With the money he gained from this scheme and with the payment from Mikołaj, the two go into business (of a vaguely defined but possibly illegal nature) together. Karol becomes ruthlessly ambitious, focusing his energies on money-making schemes while learning French and brooding over his wife's abandonment. One night he wakes up from sleep as he was dreaming about Dominique, then he called her, but she hangs up. Later, he uses his new financial influence in a world where, as several characters observe, "you can buy anything" to execute a complex scheme to first win back Dominique, and then destroy her life by faking his own death after which she is imprisoned for his 'murder'. The final image of the film shows Karol staring at Dominique through the window of her prison cell, her gesturing at him that she wants to remarry him, and Karol started crying.
- Zbigniew Zamachowski as Karol Karol
- Julie Delpy as Dominique Vidal
- Janusz Gajos as Mikołaj
- Jerzy Stuhr as Jurek
- Aleksander Bardini as Le notaire (The Lawyer)
- Grzegorz Warchoł as L'élégant (The Elegant Man)
- Cezary Harasimowicz as L'inspecteur (The Inspector)
- Jerzy Nowak as Le vieux paysan (The Old Farmer)
- Jerzy Trela as Monsieur Bronek
- Teresa Budzisz-Krzyżanowska as Madame Jadwiga
The final scene of Dominique standing behind bars of her prison cell was shot months after the rest of the film, and was intended to soften Dominique's image; Kieślowski has said that he was dissatisfied with the ending shot previously and wanted her to seem less of a monster.
Three Colours: White was met with critical acclaim; it holds an 87% rating on Rotten Tomatoes, with an average rating of 7.4/10, based on 46 reviews. The consensus reads: "Taking a lighter tone than the other films of the Three Colors trilogy, White is a witty, bittersweet comedy with heavier themes on its mind than one might at first realize."
- 4th – Todd Anthony, Miami New Times
- 5th – Desson Howe, The Washington Post
- Honorable mention – Jeff Simon, The Buffalo News
Awards and recognition
- List of submissions to the 67th Academy Awards for Best Foreign Language Film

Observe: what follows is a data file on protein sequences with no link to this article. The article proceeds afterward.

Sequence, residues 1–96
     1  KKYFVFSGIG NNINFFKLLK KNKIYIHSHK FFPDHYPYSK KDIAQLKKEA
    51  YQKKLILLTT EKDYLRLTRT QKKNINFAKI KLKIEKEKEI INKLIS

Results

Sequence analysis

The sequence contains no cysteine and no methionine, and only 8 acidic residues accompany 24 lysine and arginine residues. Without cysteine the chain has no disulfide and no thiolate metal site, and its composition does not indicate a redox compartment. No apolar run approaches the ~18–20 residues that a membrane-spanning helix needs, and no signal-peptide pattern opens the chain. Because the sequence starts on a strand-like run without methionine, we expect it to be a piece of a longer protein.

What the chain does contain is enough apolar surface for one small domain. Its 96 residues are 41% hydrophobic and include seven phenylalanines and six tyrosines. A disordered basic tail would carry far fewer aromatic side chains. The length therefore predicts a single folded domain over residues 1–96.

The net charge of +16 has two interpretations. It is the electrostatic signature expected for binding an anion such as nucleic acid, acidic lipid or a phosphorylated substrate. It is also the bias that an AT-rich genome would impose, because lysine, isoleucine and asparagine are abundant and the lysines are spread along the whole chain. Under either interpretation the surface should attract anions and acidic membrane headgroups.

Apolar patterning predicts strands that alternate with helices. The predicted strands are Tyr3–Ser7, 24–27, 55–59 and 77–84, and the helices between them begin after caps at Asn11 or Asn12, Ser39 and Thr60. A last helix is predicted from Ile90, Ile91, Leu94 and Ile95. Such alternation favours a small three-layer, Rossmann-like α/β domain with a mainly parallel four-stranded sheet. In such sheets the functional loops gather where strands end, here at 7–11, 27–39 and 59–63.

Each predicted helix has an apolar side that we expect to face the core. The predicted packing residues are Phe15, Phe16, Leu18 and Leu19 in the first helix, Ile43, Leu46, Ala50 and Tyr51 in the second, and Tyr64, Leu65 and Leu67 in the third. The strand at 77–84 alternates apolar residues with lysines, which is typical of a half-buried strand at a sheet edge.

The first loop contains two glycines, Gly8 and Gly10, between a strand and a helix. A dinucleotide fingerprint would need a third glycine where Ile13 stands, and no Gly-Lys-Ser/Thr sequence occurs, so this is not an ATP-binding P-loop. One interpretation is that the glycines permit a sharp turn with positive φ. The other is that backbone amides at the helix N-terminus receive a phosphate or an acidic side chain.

- List of Polish submissions for the Academy Award for Best Foreign Language Film
- Nesselson, Lisa (27 January 1994). "Three Colors: White". Variety. Retrieved 15 May 2020.
- "THREE COLOURS WHITE (TROIS COULEURS BLANC) (1994)". British Board of Film Classification. Retrieved 15 May 2020.
- MacCabe, Colin. "Three Colors: A Hymn to European Cinema". Criterion. Retrieved 13 March 2012.
- Ankeny, Jason. "White (1994)". Allmovie. Rovi Corporation. Retrieved December 9, 2012.
- Margaret Herrick Library, Academy of Motion Picture Arts and Sciences
- asharperfocus.com Krzysztof Kieślowski, Three Colors: White; Trois couleurs: Blanc (1993).
- movies.stackexhange.com What exactly did Dominique say to Karol at the end of “Three Colors White”?
- "A Conversation with Julie Delpy on Kieslowski", special feature on White (Miramax DVD, Buena Vista Home Entertainment, Region 1 release, 2003).
- Three Colors Trilogy: Blue, White, Red (1993-1994), by Roger Ebert, March 9, 2003
- Overview and synopsis on Rotten Tomatoes; Film review and synopsis on Rotten Tomatoes
- Anthony, Todd (January 5, 1995). "Hits & Disses". Miami New Times.
- Howe, Desson (December 30, 1994), "The Envelope Please: Reel Winners and Losers of 1994", The Washington Post, retrieved July 19, 2020
- Simon, Jeff (January 1, 1995). "Movies: Once More, with Feeling". The Buffalo News. Retrieved July 19, 2020.
- "Berlinale: 1994 Prize Winners". berlinale.de. Retrieved 2011-12-30.
|Wikiquote has quotations related to: Three Colours: White|
- Three Colours: White at IMDb
- Three Colours: White at AllMovie
- Three Colours: White at Box Office Mojo
- Three Colours: White at Rotten Tomatoes
- Three Colors: A Hymn to European Cinema an essay by Colin MacCabe at the Criterion Collection
- White: The Nonpolitical Reunifications of Karol Karol an essay by Stuart Klawans at the Criterion Collection
- Discover Polish Cinema with Dave – White